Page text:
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Senate passes safe-food bill that widens FDA authority

WASHINGTON - The Senate passed legislation Monday to make food safer in the wake of deadly E. coli and salmonella outbreaks, potentially giving the government broad new powers to increase inspections of food processing facilities and force companies to recall tainted food.

The $1.4-billion bill, which would also place stricter standards on imported foods, passed the Senate 73-25, with New York Sens. Charles Schumer and Kirsten Gillibrand, both Democrats, voting for the bill. Supporters said passage was critical after widespread outbreaks in peanuts, eggs and produce.

Those outbreaks have exposed a lack of resources and authority at the Food and Drug Administration as the embattled agency struggled to contain and trace the contaminated products. The agency rarely inspects many food facilities and farms, visiting some every decade or so and others not at all.

The bill would emphasize prevention so that the agency could try to stop outbreaks before they begin. Farmers and food processors would have to tell the FDA how they are working to keep their food safe at different stages of production.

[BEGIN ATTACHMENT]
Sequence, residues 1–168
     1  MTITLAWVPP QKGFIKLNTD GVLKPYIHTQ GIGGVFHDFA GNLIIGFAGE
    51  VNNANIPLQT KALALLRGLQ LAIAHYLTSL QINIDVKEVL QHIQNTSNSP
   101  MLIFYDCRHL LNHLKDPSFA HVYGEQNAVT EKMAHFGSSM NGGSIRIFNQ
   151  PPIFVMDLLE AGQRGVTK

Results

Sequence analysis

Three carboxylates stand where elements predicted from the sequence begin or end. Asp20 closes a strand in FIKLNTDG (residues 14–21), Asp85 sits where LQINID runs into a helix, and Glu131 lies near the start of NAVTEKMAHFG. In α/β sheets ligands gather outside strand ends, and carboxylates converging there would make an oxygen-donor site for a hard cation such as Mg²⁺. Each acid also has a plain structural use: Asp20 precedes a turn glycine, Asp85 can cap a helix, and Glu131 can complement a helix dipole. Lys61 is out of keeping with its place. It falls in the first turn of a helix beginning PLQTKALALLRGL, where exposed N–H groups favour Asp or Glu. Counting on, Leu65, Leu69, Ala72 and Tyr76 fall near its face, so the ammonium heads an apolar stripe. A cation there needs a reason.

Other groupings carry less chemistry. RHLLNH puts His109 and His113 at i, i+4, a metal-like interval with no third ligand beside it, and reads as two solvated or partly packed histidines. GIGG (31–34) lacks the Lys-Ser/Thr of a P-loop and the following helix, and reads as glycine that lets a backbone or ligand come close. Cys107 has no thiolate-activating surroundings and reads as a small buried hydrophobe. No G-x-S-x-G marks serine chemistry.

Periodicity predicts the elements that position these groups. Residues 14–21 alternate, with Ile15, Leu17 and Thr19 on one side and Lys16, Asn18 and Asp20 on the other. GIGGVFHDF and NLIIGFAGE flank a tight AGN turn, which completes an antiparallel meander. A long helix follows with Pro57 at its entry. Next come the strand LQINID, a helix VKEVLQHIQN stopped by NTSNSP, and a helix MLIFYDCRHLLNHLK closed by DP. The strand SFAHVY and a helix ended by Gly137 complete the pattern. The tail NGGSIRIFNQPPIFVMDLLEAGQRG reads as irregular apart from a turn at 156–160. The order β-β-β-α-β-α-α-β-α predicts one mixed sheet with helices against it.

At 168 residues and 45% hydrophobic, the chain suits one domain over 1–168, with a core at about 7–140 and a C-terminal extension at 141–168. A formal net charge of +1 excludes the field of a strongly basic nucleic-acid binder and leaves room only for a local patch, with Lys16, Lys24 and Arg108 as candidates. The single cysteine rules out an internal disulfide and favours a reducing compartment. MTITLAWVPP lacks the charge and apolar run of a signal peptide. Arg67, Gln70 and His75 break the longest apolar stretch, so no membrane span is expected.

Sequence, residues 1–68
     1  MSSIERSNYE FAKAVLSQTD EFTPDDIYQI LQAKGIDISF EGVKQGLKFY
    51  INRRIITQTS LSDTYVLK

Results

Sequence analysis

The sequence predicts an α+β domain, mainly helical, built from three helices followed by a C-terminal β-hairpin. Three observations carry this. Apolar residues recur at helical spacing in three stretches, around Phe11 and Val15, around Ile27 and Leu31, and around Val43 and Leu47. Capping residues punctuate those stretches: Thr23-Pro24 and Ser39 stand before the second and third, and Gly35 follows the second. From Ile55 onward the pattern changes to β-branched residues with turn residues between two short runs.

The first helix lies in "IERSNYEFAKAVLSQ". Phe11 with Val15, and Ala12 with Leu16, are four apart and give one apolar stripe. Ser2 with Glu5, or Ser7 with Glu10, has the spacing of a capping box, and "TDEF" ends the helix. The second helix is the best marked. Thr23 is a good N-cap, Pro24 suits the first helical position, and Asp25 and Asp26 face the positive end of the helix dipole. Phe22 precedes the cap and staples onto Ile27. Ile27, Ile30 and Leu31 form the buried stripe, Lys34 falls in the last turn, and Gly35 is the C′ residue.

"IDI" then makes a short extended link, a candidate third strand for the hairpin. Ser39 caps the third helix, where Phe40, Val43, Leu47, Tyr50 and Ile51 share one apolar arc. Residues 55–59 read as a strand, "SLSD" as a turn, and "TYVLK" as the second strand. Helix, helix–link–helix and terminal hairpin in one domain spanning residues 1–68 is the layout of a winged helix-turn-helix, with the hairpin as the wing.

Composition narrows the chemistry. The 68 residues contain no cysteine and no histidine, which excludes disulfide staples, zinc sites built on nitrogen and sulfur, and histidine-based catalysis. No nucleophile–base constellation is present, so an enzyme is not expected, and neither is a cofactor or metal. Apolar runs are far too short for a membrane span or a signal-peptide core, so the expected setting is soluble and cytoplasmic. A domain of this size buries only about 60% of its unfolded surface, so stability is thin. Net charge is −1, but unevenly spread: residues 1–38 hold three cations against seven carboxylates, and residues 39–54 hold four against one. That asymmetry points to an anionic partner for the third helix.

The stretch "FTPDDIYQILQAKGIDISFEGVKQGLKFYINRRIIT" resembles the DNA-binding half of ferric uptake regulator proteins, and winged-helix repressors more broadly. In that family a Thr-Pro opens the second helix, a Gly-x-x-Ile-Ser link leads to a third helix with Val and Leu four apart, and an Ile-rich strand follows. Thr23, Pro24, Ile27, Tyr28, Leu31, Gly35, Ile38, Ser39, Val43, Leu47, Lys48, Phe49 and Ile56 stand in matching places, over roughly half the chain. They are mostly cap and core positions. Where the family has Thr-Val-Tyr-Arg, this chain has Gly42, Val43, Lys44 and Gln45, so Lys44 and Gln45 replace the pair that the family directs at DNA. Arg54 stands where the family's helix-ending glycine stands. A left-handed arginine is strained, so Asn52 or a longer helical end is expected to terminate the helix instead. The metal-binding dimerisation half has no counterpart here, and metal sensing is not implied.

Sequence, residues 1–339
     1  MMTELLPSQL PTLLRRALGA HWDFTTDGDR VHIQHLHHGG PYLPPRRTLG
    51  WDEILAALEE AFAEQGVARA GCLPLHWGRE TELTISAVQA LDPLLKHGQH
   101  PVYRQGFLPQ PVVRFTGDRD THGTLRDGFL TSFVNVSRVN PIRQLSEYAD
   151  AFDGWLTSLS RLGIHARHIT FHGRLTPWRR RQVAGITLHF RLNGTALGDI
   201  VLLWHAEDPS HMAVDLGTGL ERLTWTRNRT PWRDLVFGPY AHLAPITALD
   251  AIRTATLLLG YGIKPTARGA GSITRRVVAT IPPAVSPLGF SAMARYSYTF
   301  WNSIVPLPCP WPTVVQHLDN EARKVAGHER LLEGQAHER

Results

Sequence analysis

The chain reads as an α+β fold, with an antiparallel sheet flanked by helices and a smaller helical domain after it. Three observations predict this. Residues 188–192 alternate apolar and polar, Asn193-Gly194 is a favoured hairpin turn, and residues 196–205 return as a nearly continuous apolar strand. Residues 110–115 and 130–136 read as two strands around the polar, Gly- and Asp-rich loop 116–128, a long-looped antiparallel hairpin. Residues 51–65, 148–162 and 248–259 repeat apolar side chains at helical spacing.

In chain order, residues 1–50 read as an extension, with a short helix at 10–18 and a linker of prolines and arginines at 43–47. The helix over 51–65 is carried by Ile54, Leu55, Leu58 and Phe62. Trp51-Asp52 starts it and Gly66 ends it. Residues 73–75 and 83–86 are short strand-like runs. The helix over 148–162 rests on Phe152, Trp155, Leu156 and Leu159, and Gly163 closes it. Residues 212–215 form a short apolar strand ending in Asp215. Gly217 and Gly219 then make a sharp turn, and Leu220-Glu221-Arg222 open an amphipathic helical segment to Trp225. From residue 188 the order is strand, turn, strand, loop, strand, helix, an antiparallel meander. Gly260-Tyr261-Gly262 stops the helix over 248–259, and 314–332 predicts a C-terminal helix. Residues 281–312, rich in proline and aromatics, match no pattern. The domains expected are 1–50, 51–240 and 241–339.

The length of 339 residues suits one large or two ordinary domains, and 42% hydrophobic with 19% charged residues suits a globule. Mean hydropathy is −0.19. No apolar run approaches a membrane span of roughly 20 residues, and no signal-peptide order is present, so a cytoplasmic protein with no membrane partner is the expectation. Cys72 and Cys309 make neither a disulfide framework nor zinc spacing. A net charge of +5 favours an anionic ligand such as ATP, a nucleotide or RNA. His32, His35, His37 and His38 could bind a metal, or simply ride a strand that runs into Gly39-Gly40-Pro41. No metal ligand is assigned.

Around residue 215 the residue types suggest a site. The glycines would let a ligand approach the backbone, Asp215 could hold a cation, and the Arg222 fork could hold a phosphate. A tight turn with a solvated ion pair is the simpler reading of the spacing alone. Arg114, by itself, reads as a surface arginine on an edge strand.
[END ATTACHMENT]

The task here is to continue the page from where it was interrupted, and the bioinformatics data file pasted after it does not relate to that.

Despite wide bipartisan support and backing from many major food companies, the legislation stalled as it came under fire from advocates of buying locally produced food and operators of small farms, who said it could bankrupt some small businesses.

Senators eventually agreed to exempt some of those operations from costly food safety plans required of bigger companies, rankling food safety advocates and larger growers but gaining support from farm-state senators.

Senate sponsors further softened the bill's impact on the food industry - including eliminating some fees that processors would have to pay and reducing the number of required inspections - to gain votes in the Senate and to make the bill more palatable in the House. A different version of the bill passed that chamber in 2009.

The bill's prospects are unclear since there is little time during the brief lame-duck congressional session for the House and Senate to reconcile different versions. Iowa Sen. Tom Harkin, sponsor of the Senate legislation, said he has agreement from some members in the House to pass the Senate bill, which would send the legislation straight to President Barack Obama's desk.

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